For the purposes of genetics, there are two types of cells in a multicellular organism - somatic and germinal. Germinal cells are the ones that form sex cells and can pass on genetic information to the next generation. Somatic cells are everything else.
Mutations can happen in any cell at any time. Much of the time, mutations in a somatic cell of a mature individual won't cause any major problems overall. Cancers can start in this way, however. This can occur when the genes that regulate cell division get mutated, leading to uncontrolled cell division and the growth of tumors.
Somatic mutations in a developing individual can also cause birth defects. All cells descended from the original mutant cell will carry the mutation - and the earlier in development the mutation happened, the more final cells will also be mutants.
Somatic mutations only affect the individual with the mutation. Generally, they can't be passed on to offspring, though exceptions exist for certain species of plants which can generate germinal cells from somatic tissues.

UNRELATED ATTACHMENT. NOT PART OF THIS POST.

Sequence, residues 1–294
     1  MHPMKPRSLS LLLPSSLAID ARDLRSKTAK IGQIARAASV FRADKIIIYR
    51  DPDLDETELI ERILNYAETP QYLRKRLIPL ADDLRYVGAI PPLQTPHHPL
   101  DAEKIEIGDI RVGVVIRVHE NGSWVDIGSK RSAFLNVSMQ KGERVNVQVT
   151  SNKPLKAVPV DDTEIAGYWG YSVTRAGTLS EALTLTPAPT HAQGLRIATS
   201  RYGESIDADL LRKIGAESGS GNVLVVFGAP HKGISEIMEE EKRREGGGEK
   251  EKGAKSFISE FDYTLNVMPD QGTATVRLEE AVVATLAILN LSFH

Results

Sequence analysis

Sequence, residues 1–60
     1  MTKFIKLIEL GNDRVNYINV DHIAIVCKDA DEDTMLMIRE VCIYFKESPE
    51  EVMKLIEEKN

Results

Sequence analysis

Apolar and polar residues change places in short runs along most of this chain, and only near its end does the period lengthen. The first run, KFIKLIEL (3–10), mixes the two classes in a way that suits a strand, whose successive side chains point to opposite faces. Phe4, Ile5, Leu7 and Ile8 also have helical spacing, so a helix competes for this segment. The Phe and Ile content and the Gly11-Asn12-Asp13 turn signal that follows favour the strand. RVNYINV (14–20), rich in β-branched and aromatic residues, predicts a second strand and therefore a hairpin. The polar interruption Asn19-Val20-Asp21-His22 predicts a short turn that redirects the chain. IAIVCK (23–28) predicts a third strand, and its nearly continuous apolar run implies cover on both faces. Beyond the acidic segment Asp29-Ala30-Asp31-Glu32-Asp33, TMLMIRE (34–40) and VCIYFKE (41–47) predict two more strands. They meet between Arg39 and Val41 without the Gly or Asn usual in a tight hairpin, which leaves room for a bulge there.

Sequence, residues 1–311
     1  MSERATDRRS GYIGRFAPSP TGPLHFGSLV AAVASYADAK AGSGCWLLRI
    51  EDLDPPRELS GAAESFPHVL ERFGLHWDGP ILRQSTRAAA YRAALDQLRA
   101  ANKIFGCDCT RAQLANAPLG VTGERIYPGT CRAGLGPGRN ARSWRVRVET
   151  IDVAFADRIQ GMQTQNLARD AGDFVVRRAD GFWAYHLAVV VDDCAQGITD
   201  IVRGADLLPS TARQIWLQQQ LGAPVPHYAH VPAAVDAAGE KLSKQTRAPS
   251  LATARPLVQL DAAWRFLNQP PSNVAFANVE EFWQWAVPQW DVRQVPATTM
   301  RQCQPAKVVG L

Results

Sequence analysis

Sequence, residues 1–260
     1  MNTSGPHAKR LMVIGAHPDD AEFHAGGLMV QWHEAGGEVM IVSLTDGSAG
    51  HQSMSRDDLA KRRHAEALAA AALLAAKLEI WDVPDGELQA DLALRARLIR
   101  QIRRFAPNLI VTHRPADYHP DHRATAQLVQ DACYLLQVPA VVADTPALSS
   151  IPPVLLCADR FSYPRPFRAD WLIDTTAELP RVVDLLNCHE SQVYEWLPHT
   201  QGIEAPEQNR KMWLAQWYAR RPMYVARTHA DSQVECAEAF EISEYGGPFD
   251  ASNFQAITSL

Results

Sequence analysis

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Self-Correction of Genetic Diseases
Self-correction of mutations can also happen in any cell at any time. However, once cell division has started after a somatic mutation, self-correction would have to occur in each and every mutant cell to cancel the effects on the overall individual. Likewise, in heritable genetic diseases, the affected individual has the mutation in every cell of their body.
If the spontaneous self-correction occurs in a germinal cell, then there's a chance it can pass on to offspring, where it might stick as a permanent change for the individual's future descendants. But the probability of it happening is fairly small.
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Griffiths, Anthony J.F., Jeffrey H. Miller, David T. Suzuki, Richard C. Lewontin, and William M. Gelbart. 1993. An Introduction to Genetic Analysis 5th ed. W.H. Freeman and Company.
Horton, Robert H., Laurence A. Moran, Raymond S. Ochs, J. David Rawn, and K. Gray Scrimgeour. 1996. Principles of Biochemistry 2nd ed. Prentice Hall, Inc.